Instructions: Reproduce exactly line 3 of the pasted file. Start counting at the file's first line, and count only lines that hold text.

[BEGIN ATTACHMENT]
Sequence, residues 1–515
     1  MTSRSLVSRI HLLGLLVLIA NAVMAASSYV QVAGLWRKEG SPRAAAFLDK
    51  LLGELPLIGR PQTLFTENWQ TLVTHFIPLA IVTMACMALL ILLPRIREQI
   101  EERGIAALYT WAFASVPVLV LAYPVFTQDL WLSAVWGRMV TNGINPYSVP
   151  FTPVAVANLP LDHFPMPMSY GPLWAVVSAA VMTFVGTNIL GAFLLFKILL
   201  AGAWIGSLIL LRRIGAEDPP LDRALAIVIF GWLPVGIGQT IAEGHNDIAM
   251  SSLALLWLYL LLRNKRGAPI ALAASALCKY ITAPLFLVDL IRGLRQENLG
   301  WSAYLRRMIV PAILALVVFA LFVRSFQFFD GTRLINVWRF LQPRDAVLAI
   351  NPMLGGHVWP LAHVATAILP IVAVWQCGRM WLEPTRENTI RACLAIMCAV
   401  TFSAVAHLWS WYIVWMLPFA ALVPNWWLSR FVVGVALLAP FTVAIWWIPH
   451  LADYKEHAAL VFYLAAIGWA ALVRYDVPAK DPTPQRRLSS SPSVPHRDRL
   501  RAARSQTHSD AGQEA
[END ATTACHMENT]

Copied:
    51  LLGELPLIGR PQTLFTENWQ TLVTHFIPLA IVTMACMALL ILLPRIREQI